commentary to opus 9

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Improvisation and Toccata for Violin, Violoncello and Piano, op. 9 (1954)


I. Improvisation beginning

II. Toccata

 

First Performance : June 21, 1955, Cape Town (S.A.), Hiddingh Hall
Inken Hummel-Steffen / Bertold Hummel / Virginia Fortescue

Duration: 12 Minutes

Publisher: N. Simrock Hamburg-London (Boosey & Hawkes) EE 2944 / ISMN M-2211-0846-3

I.II.

 

The Piano Trio, op. 9, from the year 1954, breaks the tradition of the classical-romantic piano trio inasmuch as it rejects the usual formal pattern and combines simply two movements of differing construction but with thematic material derived from one basic tone series. It is distinguished from a twelve-tone work of the Sch÷nberg school by a kind of cell technique, in which small particles are separated out from the complete twelve-tone series and used independently - particles which in their structure of thirds and seconds have a similarity to the BACH motif (German notation for B flat : A : C : B) but contain more combinations of thirds and reveal in the second movement their real origin: the fugue from the Symphony of Psalms by Stravinsky. By constant transformation of the intervals through octave transpositions and inversion, multifarious constellations appear, suitable for flexible formal construction. The opening movement with title "Improvisation" develops within its cyclical setting (in which the series is presented by the violoncello at the beginning and end of the movement) a rhapsody-like succession of arabesques. The second movement, "Toccata", departs from this filigree work and is striking in its use of mighty blocks of sound and strict linearity. Its form, marked particularly by the reprise in fifth transposition of its beginning, is a series of sections, each derived metamorphosis-like from the opening.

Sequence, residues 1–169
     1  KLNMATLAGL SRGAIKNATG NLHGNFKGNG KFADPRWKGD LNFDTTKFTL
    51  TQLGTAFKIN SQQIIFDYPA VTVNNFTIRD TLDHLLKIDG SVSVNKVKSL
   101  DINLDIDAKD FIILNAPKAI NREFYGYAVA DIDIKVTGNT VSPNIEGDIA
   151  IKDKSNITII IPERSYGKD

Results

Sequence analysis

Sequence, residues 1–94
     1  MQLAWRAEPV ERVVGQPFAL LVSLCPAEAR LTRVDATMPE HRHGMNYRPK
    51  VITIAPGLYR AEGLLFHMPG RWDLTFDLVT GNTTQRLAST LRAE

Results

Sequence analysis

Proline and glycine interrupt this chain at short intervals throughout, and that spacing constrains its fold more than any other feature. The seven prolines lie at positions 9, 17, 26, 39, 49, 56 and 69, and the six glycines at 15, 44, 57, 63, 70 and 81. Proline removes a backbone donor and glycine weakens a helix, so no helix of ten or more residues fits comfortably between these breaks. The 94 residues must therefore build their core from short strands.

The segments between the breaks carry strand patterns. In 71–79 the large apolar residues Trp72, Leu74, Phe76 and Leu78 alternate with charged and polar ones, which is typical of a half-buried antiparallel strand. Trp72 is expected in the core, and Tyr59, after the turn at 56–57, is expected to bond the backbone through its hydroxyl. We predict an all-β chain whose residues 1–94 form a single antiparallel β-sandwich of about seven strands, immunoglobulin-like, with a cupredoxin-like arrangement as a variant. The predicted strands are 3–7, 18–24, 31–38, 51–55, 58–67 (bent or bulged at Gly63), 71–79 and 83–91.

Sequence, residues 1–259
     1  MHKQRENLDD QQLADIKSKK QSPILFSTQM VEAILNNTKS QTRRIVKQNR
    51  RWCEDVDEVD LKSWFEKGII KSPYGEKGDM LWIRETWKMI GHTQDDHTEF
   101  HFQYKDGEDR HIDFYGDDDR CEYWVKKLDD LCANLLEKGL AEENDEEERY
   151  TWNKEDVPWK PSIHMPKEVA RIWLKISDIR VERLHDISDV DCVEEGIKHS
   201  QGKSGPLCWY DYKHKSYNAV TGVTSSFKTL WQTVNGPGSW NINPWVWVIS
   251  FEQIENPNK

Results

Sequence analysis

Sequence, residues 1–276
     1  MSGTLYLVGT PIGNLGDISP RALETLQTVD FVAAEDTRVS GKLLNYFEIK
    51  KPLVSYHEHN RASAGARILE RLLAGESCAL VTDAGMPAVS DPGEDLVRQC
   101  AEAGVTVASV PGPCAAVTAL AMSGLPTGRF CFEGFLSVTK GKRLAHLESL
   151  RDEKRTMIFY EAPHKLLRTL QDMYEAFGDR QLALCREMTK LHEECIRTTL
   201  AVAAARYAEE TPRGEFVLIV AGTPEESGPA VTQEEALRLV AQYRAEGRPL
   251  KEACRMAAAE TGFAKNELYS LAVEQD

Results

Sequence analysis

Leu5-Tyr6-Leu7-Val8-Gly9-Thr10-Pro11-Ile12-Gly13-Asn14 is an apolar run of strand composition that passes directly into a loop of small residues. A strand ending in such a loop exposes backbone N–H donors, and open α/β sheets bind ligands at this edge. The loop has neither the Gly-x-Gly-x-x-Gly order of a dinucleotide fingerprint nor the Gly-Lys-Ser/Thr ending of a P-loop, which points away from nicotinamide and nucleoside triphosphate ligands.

Bertold Hummel's Trio was written in 1954. In the first movement, Improvisation, a twelve-tone row is presented, but its further use is less a matter of the linear succession of the tones 1 - 12 than an exploitation of its potential for chromatic dissonance: a - b flat; d - c sharp; e - e flat; c - b; a flat - g flat - f - g, from which Hummel's bed of sound, notated in weightless 7/5 time, takes on a bitter-sweet sonority. The appropriate techniques required from each instrument, the use of particular positions and repetition effects all match the improvisatory character of the first movement. The second movement, Toccata, is in contrast characterised by a forceful treatment of material and creates, in 5/4 time, successions of powerful chord blocks in a somewhat static grouping method, reminiscent of the historical Toccata genre. The cell from which the opening and further ideas in the course of the movement are derived is taken from the fugue in Stravinsky's Symphony of Psalms.

 

Press

Der Tagesspiegel, Berlin 3rd December, 1955

In Bertold Hummel's more astringent Toccata, a highly individual power seems to be announcing its entrance

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